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Economists Expected 180K New Jobs. Not Even Close

But the unemployment rate sank to 3.8%
By Newser Editors and Wire Services
Posted Mar 8, 2019 7:56 AM CST
In this March 4, 2019, file photo a worker cleans a jet bridge before passengers boarded an Alaska Airlines flight to Portland, Ore., at Paine Field in Everett, Wash.   (AP Photo/Ted S. Warren, File)

(Newser) – Economists had expected 180,000 new jobs in February. Not even close: Hiring tumbled as US employers added just 20,000 jobs last month, the fewest in nearly a year and a half. The Labor Department says the unemployment rate fell to 3.8% from 4%. Businesses stepped up their competition for workers and raised average hourly pay 3.4% from a year earlier, the largest gain in a decade. The sharp slowdown in hiring, which may have been worsened by unseasonably cold weather, comes after employers added a blockbuster 311,000 jobs in January, the most in nearly a year. In the past three months, job gains have averaged 186,000. Three takes:

  • From the AP: "Slowing global growth, a trade war with China and signs of increased caution among consumers have led many economists to forecast weaker growth in the first three months of this year. Still, most analysts expect businesses to keep hiring and growth to rebound in the April-June quarter. It will be harder than usual, though, to get a precise read on the economy because many data reports are still delayed by the partial shutdown of the government, which ended Jan. 25."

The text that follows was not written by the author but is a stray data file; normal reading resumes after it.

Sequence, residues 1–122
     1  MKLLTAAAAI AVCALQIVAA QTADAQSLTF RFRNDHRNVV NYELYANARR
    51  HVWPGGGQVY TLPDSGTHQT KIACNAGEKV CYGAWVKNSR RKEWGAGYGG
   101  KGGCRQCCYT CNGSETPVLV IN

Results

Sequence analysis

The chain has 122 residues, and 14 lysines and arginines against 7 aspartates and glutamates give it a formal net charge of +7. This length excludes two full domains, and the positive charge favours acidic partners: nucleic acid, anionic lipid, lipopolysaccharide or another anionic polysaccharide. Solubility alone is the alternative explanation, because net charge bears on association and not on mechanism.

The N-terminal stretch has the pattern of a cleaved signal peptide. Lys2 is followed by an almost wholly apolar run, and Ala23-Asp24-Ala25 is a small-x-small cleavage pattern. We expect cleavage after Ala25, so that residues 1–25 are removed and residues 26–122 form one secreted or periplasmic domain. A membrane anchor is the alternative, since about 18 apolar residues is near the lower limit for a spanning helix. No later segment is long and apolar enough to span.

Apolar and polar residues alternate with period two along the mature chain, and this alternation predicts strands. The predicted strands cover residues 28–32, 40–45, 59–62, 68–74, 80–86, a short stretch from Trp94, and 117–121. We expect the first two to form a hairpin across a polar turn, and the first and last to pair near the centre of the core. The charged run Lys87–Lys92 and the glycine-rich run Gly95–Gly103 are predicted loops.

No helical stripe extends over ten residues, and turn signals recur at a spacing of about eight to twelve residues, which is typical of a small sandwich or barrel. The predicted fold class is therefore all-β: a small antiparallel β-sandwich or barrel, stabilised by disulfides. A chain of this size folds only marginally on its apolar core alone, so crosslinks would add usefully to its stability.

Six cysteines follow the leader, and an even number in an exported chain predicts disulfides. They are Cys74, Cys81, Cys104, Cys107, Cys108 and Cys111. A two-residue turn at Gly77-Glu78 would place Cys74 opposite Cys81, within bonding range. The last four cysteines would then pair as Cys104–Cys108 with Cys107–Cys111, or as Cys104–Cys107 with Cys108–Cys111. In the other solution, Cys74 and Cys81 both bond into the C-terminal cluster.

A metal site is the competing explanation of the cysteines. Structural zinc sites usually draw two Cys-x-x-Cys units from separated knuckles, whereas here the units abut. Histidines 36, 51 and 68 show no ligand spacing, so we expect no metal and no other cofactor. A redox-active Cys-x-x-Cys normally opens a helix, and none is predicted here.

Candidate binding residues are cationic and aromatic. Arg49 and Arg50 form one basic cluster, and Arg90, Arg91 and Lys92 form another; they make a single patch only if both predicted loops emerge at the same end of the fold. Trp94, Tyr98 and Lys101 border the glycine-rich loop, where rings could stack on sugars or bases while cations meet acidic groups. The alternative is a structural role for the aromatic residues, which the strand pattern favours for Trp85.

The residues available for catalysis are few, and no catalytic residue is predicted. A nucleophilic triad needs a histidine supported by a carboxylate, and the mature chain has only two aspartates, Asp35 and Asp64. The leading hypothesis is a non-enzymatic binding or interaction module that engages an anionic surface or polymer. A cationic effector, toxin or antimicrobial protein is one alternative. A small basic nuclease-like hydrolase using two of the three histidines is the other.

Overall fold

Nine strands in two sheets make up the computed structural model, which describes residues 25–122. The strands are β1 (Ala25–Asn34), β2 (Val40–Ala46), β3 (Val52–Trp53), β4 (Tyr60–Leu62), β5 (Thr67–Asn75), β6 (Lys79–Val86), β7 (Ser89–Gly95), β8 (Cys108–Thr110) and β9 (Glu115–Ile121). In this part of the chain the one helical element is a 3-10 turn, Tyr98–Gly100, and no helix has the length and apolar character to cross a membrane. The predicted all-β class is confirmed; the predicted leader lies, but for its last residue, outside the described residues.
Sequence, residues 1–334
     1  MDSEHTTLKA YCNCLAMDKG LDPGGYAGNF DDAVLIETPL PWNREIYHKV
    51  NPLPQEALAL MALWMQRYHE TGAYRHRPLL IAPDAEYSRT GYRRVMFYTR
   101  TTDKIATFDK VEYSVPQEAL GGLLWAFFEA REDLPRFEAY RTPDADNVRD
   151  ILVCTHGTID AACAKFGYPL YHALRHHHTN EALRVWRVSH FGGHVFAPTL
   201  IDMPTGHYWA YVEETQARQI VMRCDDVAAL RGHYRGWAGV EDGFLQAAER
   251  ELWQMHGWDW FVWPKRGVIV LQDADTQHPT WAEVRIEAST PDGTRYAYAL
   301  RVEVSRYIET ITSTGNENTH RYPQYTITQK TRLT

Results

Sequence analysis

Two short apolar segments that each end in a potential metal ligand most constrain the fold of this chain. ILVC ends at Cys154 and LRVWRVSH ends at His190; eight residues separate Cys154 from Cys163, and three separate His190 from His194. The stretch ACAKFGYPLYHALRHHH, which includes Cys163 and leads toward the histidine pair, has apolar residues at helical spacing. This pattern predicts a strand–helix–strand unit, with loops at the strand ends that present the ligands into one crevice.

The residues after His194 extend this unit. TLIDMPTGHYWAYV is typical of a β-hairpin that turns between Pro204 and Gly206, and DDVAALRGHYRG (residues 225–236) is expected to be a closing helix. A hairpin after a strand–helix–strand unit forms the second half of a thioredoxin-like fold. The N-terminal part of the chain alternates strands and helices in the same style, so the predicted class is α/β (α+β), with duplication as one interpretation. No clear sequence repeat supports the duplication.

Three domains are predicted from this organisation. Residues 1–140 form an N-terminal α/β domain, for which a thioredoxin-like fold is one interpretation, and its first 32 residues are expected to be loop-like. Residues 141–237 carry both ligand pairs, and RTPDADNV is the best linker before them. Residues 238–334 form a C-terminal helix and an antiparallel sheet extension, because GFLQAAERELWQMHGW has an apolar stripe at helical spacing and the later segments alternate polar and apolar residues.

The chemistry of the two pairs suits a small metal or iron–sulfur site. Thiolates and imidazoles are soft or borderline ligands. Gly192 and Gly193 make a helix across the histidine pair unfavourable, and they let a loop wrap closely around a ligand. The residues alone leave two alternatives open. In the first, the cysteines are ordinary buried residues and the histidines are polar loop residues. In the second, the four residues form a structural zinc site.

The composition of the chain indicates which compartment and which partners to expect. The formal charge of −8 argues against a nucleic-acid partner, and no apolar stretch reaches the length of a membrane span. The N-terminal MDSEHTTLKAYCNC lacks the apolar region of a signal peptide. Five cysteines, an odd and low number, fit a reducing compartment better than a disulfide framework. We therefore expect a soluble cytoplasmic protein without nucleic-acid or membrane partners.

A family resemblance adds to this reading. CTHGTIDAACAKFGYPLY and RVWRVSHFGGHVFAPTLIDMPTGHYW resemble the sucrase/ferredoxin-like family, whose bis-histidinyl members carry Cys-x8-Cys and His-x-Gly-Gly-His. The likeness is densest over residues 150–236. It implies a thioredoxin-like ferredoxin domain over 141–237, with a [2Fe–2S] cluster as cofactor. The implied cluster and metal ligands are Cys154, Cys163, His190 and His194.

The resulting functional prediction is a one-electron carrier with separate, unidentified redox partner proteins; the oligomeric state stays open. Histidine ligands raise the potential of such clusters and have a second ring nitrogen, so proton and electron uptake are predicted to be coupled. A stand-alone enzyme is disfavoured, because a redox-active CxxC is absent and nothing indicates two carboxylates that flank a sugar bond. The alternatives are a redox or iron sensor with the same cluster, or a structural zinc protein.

• From Bloomberg: "The big miss on payrolls may fuel concern about the mood among US consumers following a December retail-sales slump that was the worst in nine years. ... At the same time, policy makers and economists might wait for several months of weak hiring before concluding there’s cause for concern. Some of the weakness could be chalked up to winter weather, as construction jobs fell by 31,000."
  • From the Wall Street Journal: It sees the new jobs numbers as "a sign employers could be struggling to find workers as the labor market tightens. ... A tighter labor market, in theory, should also translate into faster wage growth, as employers compete for scarce labor. Friday’s report showed that is materializing."
(Read more jobs report stories.)

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